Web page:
Dec 17, 2020

By Jane Brown

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by Bill VanGorder, Chief Policy Officer, C.A.R.P.

Ontario is the only province in Canada with a Ministry of Long-term Care. On paper, this sounds commendable. And you’d think they would be doing a stellar job. After all, they have a very tight focus and mandate, and a lot of high-powered management. The Deputy Minister makes over two hundred thousand dollars a year, as does at least one Assistant Deputy Minister. And numerous department heads make over a hundred and fifty thousand.

But the performance, as we know, has been a disaster.

That is why, for the first time in its 36-year history, C.A.R.P. (founded as The Canadian Association of Retired Persons), has publicly called for the firing of a cabinet minister, and named that minister: Merrilee Fullerton, Minister of Long-term Care.

With over 325,000 members, C.A.R.P. is the largest and most influential organization advocating for the rights and interests of Canadians as we age, and has always been strictly non-partisan in political matters. C.A.R.P. enjoys productive relationships with both federal and provincial leaders and bureaucrats, and has submitted countless policy briefs, white papers, and recommendations covering everything from health care to financial security to ageism and elder abuse. We’ve always concentrated on the policies, not the people.

But we’re so fed up by the mismanagement and inaction of this Ministry, we’ve taken the drastic step of urging Premier Ford – loudly and publicly – to fire Merrilee Fullerton.

And make no mistake about “loudly and publicly.” An online petition on the C.A.R.P. website, carp.ca, had produced over 3,000 signatures as of December 9. And David Cravit, C.A.R.P.’s Chief Marketing Officer has personally voiced a tough and frank series of radio commercials, explaining C.A.R.P.’s demand and urging listeners to join in.

The uncomfortable truth is that the Ministry of Long-term Care desperately needs a wake-up call. They have fumbled every aspect of the COVID crisis – and that’s on top of fumbling virtually every aspect of long-term care, going back to the Kathleen Wynne government.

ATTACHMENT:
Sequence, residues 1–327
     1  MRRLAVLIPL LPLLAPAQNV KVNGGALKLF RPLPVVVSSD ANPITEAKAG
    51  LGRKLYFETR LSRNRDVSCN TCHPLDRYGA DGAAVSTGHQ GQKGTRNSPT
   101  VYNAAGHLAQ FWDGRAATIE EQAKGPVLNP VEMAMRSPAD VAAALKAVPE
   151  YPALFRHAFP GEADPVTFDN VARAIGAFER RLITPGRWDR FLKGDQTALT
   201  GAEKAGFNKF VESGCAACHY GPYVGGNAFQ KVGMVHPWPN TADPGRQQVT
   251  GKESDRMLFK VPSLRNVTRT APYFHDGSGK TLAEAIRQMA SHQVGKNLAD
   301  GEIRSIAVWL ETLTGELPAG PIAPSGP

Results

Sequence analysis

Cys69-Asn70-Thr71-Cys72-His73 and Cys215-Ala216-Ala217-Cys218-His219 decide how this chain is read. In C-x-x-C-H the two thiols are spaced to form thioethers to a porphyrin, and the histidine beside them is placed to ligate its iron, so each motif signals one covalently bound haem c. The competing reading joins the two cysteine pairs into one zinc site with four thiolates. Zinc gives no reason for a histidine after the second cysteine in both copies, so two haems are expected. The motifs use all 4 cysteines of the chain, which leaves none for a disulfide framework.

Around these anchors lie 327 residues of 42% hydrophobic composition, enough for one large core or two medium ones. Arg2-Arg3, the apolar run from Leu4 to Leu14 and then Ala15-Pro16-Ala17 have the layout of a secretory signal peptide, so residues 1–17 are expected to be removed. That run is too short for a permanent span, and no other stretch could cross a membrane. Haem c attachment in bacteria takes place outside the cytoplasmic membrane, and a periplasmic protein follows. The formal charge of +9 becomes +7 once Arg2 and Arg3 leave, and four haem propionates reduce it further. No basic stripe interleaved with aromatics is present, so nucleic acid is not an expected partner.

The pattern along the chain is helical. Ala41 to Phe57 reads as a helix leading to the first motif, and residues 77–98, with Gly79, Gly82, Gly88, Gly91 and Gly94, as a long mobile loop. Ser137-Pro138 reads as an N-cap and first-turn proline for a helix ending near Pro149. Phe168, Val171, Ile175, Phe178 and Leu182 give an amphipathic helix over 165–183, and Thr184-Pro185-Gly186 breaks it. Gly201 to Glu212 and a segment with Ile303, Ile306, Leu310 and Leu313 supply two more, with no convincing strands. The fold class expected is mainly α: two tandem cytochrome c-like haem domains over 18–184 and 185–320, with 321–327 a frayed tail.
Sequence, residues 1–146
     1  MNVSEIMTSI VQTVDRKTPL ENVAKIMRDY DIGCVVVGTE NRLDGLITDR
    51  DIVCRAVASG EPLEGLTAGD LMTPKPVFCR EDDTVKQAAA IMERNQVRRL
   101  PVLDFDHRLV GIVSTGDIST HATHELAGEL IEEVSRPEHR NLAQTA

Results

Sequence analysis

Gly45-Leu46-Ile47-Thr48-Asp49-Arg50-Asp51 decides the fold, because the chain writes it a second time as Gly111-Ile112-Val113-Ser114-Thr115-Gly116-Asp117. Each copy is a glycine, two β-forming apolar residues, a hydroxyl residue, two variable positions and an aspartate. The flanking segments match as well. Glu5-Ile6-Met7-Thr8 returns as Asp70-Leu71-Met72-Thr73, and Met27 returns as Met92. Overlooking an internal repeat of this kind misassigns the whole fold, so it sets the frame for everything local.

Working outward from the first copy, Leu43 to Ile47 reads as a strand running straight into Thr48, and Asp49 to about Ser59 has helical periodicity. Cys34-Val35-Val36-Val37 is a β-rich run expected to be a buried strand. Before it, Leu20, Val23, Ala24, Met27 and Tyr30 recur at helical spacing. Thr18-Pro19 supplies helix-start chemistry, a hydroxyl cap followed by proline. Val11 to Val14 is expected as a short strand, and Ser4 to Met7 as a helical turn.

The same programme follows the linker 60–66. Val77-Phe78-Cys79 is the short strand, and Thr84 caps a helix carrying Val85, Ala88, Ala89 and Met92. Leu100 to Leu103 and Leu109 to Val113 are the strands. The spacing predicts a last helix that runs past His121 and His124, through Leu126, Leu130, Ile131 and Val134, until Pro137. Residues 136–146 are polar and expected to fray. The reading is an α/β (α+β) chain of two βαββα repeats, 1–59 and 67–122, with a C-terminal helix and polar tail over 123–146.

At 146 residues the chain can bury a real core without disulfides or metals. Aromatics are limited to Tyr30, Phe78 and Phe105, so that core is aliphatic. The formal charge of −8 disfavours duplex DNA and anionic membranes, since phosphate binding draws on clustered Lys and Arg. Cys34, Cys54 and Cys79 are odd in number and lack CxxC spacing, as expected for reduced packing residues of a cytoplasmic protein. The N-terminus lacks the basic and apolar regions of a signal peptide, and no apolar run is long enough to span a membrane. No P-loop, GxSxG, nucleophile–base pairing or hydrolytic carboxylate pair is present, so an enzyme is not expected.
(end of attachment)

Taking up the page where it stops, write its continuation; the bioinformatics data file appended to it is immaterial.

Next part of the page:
Clearly, something fundamental is not working over there. Shock treatment is needed.

The litany of mismanagement is long, consistent and outrageous.

Even before COVID, there was chronic understaffing, inadequate and inconsistent inspections, and a hazy – at best – vision for the future.

And we all know what happened when COVID hit. Conditions were so bad, and death rates in some nursing homes were so severe, that the province was required to call in the military for help. Their subsequent report on five facilities in the Toronto area was a horror story, detailing improper use of equipment between COVID patients and those who had not tested positive, improper use of PPE, grossly inadequate infection prevention and control, the presence of cockroaches and ants, and patients waiting hours for a response to urgent calls for help.

Premier Ford, to his credit, was blunt and honest in his reaction. “It was the worst report, most heart-wrenching report I have ever read in my entire life,” he said, and in July created a commission of inquiry under associate chief justice of the Superior Court Frank Marrocco.

The commission was supposed to report its findings by April, 2021, but was so shocked by what it was hearing right off the bat, that it filed an interim report at the end of October and a second interim report earlier this month. Both reports identified serious shortcomings, from inadequate leadership to poor infection prevention and control to confusion within long-term care homes as to who was responsible for quality of care to a lack of data on the quality of care received. In both reports, urgent measures were recommended.

We can give kudos to the Premier for his candour on what was wrong and his determination to fix. We only wish the same urgency was in evidence within the Ministry itself.

Sadly, it is not.

While some impressive announcements have been made around issues of funding and quality of care standards, the execution and implementation lie well into the future. For example, the guarantee that each patient will receive a minimum of four hours’ care per day will not fully kick in until 2025.

What about right now?

The second wave is upon us, and while the mortality rates have thankfully declined, the staffing levels are still inadequate and we still hear stories – many of them in the form of emails or phone calls to C.A.R.P. – that there is still not enough equipment. As well, the Ministry has been all over the map on its regulations regarding visitors, changing the rules frequently (and with very unclear communication) and only adding to the stress levels of both patients and their loved ones.

We believe it is entirely fair to call the Ministry, and its management, to account for their inadequate performance. Why shouldn’t we demand better for the money we are paying?

In the end, it is the Minister who must bear responsibility for this hot mess. It’s perfectly fair to note that the problems in the Ministry were not all of Merrilee Fullerton’s making – the legacy of mismanagement goes back deep into the previous administration under Kathleen Wynne. But Minister Fullerton has the responsibility today, and under the accepted norms of Cabinet responsibility in our system of government, she has to step up and face the issue, either on her own or by the Premier’s dictate.

C.A.R.P. makes no apology for being so blunt and outspoken. Someone has to wake the Ministry up. It has become literally a matter of life and death.

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